As I said to staff prior to his appointment, when I think about who should hold the keys to Mozilla, Mark is high on that list. Mark has unique qualifications in terms of the overall direction of Mozilla, how our organizations interoperate, and if and how we create programs, structures or organizations. Mark is joining the Mozilla Foundation board as an individual based on these qualifications; we have not made the decision that the Executive Director is automatically a member of the Board.
Mark has demonstrated his commitment to Mozilla as a whole, over and over. The whole of Mozilla figures into his strategic thinking. He’s got a good sense of how Mozilla Foundation and Mozilla Corporation can magnify or reduce the effectiveness of Mozilla overall. Mark has a hunger for Mozilla to grow in impact. He has demonstrated an ability to think big, and to dive into the work that is in front of us today.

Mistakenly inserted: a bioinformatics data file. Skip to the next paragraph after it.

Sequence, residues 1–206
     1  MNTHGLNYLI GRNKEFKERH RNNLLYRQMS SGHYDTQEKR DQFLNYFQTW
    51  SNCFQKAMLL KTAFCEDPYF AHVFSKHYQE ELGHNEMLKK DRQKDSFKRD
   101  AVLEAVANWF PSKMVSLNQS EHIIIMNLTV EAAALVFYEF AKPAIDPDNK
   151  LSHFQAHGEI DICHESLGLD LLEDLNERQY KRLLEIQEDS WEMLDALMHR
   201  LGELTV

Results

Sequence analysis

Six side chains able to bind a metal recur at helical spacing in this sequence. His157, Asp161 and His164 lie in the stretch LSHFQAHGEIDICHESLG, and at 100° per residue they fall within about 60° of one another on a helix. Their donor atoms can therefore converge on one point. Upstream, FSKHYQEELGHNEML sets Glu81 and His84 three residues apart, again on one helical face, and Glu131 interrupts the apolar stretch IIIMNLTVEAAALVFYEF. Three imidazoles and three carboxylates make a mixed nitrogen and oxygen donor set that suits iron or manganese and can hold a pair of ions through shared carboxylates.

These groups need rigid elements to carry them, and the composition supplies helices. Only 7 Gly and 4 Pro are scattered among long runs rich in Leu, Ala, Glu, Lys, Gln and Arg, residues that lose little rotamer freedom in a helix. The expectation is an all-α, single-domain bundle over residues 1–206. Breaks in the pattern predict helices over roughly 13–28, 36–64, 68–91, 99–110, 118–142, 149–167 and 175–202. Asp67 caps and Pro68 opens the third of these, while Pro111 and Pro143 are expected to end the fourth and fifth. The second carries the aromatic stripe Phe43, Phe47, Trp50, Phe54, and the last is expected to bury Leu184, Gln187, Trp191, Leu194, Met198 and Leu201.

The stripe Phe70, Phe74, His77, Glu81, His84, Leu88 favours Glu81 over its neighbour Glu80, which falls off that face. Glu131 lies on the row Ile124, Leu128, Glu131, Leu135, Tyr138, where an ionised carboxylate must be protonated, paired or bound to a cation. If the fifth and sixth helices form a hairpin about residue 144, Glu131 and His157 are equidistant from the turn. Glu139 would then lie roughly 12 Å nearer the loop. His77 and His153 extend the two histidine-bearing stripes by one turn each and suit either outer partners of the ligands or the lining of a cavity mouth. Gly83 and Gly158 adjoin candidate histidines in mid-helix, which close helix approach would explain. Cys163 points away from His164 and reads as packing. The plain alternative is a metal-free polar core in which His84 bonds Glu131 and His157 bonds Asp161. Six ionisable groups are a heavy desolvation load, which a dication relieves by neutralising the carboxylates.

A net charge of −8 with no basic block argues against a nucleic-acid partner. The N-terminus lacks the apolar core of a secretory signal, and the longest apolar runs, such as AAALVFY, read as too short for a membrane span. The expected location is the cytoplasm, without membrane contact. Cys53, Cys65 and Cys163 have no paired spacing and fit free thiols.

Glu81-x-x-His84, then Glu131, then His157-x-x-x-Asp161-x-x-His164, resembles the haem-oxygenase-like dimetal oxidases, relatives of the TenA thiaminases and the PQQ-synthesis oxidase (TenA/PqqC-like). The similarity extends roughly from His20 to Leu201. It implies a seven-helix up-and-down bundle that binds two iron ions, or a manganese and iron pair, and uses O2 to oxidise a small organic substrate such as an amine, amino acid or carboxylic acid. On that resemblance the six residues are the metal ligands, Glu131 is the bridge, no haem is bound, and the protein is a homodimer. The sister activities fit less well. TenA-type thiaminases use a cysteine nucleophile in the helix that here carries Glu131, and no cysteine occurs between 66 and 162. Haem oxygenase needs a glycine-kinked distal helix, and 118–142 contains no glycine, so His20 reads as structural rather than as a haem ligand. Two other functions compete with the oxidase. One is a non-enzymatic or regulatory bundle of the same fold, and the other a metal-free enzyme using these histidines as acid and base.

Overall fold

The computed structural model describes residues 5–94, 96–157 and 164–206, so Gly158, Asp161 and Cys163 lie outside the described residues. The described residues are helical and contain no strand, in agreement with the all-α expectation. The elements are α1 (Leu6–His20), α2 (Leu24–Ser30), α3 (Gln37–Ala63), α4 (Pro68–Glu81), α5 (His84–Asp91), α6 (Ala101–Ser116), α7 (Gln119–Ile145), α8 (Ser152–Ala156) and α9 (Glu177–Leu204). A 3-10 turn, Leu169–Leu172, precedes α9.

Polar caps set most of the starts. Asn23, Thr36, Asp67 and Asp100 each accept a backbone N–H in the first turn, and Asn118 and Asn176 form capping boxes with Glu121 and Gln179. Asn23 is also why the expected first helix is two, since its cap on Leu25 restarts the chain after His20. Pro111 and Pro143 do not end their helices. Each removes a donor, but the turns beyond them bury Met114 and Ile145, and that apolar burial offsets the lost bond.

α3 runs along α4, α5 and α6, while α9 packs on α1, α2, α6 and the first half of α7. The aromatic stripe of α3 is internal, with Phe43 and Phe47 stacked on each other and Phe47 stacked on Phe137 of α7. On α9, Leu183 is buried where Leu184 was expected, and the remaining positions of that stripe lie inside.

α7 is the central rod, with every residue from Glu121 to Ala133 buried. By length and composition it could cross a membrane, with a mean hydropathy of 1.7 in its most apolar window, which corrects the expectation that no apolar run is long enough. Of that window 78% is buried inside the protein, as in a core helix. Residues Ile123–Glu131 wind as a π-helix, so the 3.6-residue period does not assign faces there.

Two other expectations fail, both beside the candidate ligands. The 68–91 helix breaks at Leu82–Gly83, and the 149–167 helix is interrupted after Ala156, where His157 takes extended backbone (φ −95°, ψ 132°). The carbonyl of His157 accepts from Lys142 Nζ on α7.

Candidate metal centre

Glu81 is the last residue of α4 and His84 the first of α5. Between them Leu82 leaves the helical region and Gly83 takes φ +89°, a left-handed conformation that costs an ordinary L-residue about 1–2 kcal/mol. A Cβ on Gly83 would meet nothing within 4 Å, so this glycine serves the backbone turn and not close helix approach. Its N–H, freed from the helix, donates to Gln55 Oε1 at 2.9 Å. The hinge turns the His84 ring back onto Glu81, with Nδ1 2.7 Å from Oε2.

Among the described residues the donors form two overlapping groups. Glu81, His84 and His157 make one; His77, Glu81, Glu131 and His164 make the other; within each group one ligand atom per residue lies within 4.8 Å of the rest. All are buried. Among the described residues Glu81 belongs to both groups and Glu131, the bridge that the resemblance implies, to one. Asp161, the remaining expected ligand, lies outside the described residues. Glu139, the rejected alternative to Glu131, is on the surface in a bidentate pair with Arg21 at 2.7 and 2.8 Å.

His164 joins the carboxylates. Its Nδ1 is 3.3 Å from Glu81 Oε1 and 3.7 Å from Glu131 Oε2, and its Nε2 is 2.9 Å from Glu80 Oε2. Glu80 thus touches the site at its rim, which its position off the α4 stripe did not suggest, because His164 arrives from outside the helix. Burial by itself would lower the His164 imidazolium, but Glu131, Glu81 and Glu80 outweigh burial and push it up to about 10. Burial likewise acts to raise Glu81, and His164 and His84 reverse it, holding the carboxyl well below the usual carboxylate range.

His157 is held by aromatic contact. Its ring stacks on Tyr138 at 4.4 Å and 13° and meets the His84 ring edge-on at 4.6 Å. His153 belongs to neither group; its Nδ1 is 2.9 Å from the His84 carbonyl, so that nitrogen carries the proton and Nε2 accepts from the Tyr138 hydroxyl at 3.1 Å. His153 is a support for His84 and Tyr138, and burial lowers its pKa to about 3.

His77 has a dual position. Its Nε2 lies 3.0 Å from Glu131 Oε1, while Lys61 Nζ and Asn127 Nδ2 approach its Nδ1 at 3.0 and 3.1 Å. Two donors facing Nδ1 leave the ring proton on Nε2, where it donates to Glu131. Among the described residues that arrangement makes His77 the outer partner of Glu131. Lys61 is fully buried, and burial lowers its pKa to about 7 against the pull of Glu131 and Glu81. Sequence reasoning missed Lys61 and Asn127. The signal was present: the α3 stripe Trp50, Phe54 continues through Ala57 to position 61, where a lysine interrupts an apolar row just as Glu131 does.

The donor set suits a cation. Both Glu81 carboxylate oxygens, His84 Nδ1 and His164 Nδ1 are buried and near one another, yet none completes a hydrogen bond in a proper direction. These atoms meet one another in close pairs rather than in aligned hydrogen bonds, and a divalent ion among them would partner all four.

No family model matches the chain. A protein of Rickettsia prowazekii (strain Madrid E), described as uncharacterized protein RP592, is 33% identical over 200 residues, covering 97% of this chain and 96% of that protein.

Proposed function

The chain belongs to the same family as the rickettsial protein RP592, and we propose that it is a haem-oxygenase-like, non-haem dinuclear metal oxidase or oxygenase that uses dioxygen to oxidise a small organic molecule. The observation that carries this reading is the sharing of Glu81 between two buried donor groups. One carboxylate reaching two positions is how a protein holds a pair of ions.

For those of you who don’t know Mark already, he brings over two decades of experience leading projects and organizations focused on the public interest side of the internet. In the 12 years since Mark joined Mozilla, he has built the Foundation into a leading philanthropic and advocacy voice championing the health of the internet. Prior to Mozilla, Mark spent 15 years working on everything from a non-profit internet provider to an early open source content management system to a global network of community-run cybercafes. Currently, Mark spends most of his time on Mozilla’s efforts to promote trustworthy AI in the tech industry, a major focus of the Foundation’s current efforts.
Please join me in welcoming Mark Surman to the Mozilla Foundation Board of Directors.

You can read Mark’s message about why he’s joining Mozilla here.

PS. As always, we continue to look for new members for both boards, with the goal of adding the skills, networks and diversity Mozilla will need to succeed in the future.

LinkedIn: https://www.linkedin.com/in/msurman/

The post Mark Surman joins the Mozilla Foundation Board of Directors appeared first on The Mozilla Blog.

The Mozilla BlogWearing more (Mozilla) hats